Origins Of Incendiary Packages Opened In Md. Still Unknown | WAMU 88.5 - American University Radio

WAMU 88.5 : News

Filed Under:

Origins Of Incendiary Packages Opened In Md. Still Unknown

Play associated audio

U.S. postal inspectors are trying to track the origin of incendiary packages sent to Maryland Gov. Martin O'Malley and the state's transportation secretary Thursday.

Postal Inspector Frank Schissler of the Washington field division says there were exterior markings on the packages that will help investigators narrow down their origin. But he says the packages didn't have individual tracking numbers because they weren't sent via registered mail or express mail.

The packages produced smoke and small flames when they were opened by state workers Thursday afternoon, but no one was seriously injured. Authorities say both packages contained notes railing against highway signs urging motorists to "Report Suspicious Activity."

Schissler says packages are tracked once they enter mail processing plants, and he says the postal service will examiner its internal tracking data on the packages.

Schissler also said that DNA analysis was likely.


View Suspicious Packages In Md. State Buildings in a larger map
NPR

The Dread Factor: Why Ebola And 'Contagion' Scare Us So Much

Even just the word Ebola is kind of terrifying. Why? Hollywood has a lot to do with it. But Ebola outbreaks also have all the ingredients for what one psychologist calls the "dread factor."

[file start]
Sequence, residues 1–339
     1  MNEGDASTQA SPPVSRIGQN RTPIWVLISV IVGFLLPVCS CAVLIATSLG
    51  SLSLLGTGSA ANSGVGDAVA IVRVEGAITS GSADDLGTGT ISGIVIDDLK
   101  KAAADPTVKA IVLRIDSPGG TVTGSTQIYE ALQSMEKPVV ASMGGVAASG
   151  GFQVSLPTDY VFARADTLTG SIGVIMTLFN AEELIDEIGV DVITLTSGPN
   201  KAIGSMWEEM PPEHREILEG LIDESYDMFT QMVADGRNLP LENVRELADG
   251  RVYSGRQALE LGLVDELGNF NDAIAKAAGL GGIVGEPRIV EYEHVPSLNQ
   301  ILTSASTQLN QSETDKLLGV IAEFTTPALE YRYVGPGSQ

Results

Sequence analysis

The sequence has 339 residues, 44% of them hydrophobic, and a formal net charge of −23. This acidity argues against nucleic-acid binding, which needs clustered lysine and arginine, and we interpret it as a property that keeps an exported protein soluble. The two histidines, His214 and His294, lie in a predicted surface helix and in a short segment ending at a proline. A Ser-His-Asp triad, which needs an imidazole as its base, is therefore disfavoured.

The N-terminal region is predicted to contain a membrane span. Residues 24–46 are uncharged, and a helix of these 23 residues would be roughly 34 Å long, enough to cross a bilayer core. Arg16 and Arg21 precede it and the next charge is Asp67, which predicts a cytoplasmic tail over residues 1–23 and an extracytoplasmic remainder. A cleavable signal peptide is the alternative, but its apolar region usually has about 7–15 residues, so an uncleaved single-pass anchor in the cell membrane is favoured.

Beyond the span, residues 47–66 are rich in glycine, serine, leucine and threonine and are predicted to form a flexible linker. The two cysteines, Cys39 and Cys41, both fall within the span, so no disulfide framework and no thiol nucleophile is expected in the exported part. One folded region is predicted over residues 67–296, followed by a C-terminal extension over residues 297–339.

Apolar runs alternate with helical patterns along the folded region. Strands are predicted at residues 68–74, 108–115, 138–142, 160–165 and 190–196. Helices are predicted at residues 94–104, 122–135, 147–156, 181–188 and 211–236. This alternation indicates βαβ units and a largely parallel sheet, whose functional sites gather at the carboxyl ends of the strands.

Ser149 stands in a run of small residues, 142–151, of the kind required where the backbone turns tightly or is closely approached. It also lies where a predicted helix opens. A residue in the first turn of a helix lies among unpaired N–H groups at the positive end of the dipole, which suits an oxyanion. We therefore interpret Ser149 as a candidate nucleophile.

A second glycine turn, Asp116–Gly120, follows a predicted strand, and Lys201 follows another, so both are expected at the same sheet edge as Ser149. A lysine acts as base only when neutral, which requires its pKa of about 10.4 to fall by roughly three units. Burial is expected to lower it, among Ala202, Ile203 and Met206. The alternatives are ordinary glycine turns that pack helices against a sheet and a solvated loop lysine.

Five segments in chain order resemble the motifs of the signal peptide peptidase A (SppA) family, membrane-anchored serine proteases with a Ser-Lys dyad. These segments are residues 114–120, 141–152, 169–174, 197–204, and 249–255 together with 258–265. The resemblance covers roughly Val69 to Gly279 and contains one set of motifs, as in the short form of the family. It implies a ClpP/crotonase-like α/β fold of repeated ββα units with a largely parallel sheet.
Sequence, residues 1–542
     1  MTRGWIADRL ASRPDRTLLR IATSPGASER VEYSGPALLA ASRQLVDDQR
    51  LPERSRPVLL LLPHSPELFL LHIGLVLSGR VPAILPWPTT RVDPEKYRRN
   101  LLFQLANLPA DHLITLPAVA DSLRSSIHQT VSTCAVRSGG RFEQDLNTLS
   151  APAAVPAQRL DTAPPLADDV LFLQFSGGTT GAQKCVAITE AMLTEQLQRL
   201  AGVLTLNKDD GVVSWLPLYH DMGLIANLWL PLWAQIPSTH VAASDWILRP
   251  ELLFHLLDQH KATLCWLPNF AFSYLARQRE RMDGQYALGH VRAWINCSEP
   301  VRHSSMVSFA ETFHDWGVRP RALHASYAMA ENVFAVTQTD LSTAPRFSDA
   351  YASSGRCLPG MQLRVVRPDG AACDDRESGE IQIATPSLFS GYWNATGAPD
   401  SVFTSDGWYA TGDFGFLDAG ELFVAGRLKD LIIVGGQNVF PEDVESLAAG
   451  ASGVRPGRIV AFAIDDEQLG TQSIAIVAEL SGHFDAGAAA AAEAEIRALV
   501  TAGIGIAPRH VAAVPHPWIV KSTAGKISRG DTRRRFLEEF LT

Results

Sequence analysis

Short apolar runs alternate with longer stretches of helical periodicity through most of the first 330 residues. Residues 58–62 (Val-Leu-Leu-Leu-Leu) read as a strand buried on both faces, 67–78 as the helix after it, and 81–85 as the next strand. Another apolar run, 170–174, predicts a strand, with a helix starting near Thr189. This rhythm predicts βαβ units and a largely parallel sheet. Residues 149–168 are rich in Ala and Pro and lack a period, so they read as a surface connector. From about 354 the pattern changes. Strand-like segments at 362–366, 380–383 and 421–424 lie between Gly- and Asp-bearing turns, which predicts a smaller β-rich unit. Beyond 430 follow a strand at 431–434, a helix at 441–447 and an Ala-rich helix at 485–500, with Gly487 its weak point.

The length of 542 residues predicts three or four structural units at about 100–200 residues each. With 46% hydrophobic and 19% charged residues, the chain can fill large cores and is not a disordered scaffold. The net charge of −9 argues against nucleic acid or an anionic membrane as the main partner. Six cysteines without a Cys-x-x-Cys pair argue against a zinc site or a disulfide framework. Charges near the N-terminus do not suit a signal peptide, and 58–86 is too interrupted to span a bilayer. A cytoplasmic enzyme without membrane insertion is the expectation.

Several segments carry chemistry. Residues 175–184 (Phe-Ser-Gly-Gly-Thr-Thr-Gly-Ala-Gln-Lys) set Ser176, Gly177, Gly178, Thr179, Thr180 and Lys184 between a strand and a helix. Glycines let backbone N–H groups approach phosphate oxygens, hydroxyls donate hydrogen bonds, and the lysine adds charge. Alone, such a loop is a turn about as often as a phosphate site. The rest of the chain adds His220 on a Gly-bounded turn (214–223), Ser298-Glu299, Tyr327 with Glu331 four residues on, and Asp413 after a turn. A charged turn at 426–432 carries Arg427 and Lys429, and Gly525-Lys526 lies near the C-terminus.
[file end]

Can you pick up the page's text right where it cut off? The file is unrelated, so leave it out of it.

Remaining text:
NPR

Author And His Daughter Cook Around The World And You Can Too

Kelly McEvers talks to food writer Mark Kurlansky and his daughter Talia about their cookbook International Night, based on their tradition of cooking a meal every week from a different country.
NPR

Outside Group Mirrors Successful Strategies Of Political Parties

A U.S. Senate seat is up for grabs in Iowa, and the GOP has opened 11 field offices statewide. But there's also a new team working the state, the Virginia-based group Americans for Prosperity.
NPR

Who Owns A Monkey's Selfie? No One Can, U.S. Says

The U.S. Copyright Office says a monkey's photo can't be copyrighted — by the person who owns the camera or by anyone else — because it wasn't taken by a human.

Leave a Comment

Help keep the conversation civil. Please refer to our Terms of Use and Code of Conduct before posting your comments.